On any Saturday, 60 or more kids and their families are playing in the Sunnyvale Park, many of them kicking a soccer ball. In this area of Salt Lake County, about 40th South and 7th West, a new attraction in the park is a soccer training wall and target practice designed by a group of young architects and architectural students. It is the result of a Design/Build Competition won by a team which named their design WEST, for Women Engagement Society Training.
The team which included GSBS Architects' Ron Rezvan, won The Sunnyvale Project, sponsored by Salt Lake County – Women in Architecture. According to Ron, the Sunnyvale neighborhood hosts a large refugee and immigration community. “The competition was for a public installation to create fun soccer-related activities and to encourage youth immigrants to use their public amenities,” he said. It is working! “Our design team could really identify with the kids and their families because we know what it is like to live in a new country.”
Ron and his team of three men and three women designers are all Iranian or Iranian-Americans. He, Massih Nilforoushan, Zahra Hassanipour, and Ardavan Tookaloo all went to Tehran University of Art for their Bachelor of Architecture. Reihaneh Noori is working on her Master’s degree in architecture at the University of Utah and Elaheh Zarezade recently graduated.
The competition specified a $4000 budget and strict schedule for “an environmentally conscious design.” Accordingly, the team created a wood structure that has a target practice net with round targets made from used bike tires, fixed seating and a solid training wall, and uses recycled materials in its construction. The installation is now an active location in the park.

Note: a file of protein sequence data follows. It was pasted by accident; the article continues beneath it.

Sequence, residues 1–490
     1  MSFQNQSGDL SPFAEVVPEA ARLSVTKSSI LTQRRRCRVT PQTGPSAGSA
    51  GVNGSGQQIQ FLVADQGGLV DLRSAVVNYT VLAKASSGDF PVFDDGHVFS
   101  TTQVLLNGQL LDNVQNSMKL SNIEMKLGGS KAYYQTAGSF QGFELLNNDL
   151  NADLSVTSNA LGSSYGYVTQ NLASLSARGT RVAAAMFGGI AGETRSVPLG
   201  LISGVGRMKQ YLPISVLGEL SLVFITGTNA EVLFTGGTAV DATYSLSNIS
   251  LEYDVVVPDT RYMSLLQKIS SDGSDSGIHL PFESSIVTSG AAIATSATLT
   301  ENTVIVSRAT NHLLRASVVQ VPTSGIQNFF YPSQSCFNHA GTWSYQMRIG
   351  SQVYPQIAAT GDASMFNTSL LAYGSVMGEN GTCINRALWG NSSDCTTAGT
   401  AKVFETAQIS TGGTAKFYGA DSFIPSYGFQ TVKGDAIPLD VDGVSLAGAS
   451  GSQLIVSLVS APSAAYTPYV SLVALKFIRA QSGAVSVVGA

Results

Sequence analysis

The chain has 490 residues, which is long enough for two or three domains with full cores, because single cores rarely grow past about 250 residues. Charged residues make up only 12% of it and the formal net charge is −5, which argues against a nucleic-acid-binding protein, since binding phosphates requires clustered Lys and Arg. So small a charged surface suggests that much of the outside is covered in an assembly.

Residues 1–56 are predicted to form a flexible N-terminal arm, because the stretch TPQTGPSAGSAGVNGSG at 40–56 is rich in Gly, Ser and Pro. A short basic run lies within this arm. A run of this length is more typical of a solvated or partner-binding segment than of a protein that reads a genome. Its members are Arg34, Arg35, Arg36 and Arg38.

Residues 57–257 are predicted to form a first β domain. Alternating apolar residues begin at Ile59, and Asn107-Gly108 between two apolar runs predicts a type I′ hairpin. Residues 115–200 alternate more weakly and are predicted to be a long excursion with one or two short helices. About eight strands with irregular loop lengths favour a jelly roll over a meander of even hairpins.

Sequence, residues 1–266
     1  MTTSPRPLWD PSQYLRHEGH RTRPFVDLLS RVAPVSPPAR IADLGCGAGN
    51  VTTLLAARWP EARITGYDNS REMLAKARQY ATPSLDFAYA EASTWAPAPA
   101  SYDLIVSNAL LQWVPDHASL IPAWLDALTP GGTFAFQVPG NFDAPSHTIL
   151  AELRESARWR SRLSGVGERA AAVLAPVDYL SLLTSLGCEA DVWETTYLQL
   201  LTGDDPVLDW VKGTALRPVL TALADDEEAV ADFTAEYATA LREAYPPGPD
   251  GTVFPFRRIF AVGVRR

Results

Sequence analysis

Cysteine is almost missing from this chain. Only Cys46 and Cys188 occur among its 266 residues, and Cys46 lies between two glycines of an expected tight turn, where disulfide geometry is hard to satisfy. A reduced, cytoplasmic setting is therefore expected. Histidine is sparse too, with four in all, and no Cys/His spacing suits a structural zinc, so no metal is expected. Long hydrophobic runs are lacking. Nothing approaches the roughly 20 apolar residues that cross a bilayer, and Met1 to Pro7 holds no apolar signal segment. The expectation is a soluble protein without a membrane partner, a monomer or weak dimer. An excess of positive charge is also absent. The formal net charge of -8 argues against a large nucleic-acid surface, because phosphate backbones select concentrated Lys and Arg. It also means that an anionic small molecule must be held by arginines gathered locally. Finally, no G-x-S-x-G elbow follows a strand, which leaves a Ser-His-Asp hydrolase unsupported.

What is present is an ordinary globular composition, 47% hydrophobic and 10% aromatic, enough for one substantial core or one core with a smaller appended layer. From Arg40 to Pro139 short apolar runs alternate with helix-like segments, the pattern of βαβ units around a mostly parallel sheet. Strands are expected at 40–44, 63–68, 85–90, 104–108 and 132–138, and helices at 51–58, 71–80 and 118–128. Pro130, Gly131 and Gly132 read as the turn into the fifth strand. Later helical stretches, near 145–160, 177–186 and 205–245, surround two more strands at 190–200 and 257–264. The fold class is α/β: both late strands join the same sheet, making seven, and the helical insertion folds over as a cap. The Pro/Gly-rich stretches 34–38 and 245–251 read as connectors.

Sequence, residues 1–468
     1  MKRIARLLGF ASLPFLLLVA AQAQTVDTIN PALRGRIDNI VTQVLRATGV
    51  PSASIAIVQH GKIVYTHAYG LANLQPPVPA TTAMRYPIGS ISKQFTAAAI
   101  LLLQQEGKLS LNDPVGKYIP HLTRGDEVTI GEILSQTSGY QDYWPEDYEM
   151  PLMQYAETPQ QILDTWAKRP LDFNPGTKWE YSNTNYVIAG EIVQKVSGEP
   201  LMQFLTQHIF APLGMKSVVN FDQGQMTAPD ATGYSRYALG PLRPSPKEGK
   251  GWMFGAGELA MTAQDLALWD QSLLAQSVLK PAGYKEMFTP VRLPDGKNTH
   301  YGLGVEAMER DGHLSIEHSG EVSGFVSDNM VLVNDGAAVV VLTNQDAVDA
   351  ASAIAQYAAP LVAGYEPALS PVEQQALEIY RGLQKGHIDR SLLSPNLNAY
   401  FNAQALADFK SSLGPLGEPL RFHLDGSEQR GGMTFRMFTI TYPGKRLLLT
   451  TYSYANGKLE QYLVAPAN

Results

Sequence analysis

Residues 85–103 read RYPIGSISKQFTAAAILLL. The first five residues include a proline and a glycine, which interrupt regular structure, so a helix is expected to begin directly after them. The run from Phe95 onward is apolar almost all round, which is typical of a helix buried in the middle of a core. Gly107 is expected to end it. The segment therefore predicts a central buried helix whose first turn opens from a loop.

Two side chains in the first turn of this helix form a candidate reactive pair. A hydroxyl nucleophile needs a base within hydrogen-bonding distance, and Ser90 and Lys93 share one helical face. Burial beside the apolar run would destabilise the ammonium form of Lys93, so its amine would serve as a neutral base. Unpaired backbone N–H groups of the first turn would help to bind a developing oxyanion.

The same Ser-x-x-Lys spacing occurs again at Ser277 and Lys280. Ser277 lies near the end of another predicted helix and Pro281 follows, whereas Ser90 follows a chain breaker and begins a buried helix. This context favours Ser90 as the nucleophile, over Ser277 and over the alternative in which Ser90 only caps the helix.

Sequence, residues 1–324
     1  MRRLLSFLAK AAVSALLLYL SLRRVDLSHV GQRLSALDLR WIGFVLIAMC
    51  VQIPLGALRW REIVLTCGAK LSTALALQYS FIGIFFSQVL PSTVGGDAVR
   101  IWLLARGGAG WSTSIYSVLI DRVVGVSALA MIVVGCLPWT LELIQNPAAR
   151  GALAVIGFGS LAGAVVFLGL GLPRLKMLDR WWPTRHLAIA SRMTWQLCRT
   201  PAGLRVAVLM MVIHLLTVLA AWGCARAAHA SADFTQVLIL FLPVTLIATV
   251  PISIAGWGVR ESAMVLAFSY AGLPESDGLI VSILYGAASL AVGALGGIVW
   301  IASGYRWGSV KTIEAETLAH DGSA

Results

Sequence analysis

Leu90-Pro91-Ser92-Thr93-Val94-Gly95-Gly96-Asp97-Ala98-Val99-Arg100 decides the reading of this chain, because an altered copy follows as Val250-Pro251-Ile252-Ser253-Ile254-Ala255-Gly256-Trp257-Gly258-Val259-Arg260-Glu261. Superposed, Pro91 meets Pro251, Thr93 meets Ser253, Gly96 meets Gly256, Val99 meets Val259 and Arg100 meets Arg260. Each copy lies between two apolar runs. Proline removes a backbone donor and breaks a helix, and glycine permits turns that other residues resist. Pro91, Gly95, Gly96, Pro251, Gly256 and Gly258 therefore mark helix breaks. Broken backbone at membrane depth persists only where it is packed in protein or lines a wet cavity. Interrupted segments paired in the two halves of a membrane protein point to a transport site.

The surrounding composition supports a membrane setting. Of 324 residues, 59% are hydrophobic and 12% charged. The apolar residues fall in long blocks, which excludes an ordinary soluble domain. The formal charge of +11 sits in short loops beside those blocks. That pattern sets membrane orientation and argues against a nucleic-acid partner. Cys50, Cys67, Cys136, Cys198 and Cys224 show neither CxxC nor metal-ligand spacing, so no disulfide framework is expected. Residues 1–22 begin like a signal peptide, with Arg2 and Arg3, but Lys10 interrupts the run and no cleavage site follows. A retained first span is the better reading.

Along a busy stretch of 39th South near 6th west in Salt Lake County, The Sunnyvale Neighborhood Center is tucked among warehouses and small manufacturing businesses. Here, a growing number ofrefugees and immigrants residing in the Sunnyvale Neighborhood receive English language classes, after-school programs, and other services.
Local architects, like GSBS’ Soonju Kwon, Tang Yang and Kevin Miller, and engineers provided design services, permitting and construction assistance to add 1,350 square feet to the Center. This additional flexible space will help the Center continue to provide services and programs that benefit the refugee and immigrant community.
According to Soonju Kwon, the center, which was first located in a two bedroom apartment in the Sunnyvale Apartment Complex, relocated to the strip center, and now has expanded to serve people living nearby. She said members of the firm worked in cooperation with the Refugee and Immigrant Center – Asian Association of Utah which operates the Center, Salt Lake County, and other businesses which volunteered their services, including VBFA and Manuel Masbernat who volunteered the engineering consulting.
Kwon said services at the Center include English classes, afterschool programs, citizenship classes, financial literacy workshops, mobile health clinics, nutrition education and more. “In the summer, they even have a farmers market and meat vendor which is supported by a USDA grant, to provide fresh produce and meat to the residents which don't have a full-service grocery store in the neighborhood,” she said.
Residents face many barriers created by this location in the intersection offour cities (South Salt Lake, Murray, Taylorsville, and Unincorporated Millcreek) and the unincorporated area of Salt Lake County.
Salt Lake County's Community Innovation Manager, Ze Min Xiao, said the location means the area falls outside the service areas for funding from those cities. Sunnyvale Neighborhood Center was formed to bridge this gap. The County provided $100,000 last year to enhance services in the area, but she said businesses like GSBS Architects who provide pro bono services help us to extend the opportunities. She said nearly 13% of SLC County's population is foreign born and the goal is to help them succeed. She said, “The county recognizes the potential of the neighborhood, and county and private resources are need to help these 'New Americans' succeed.”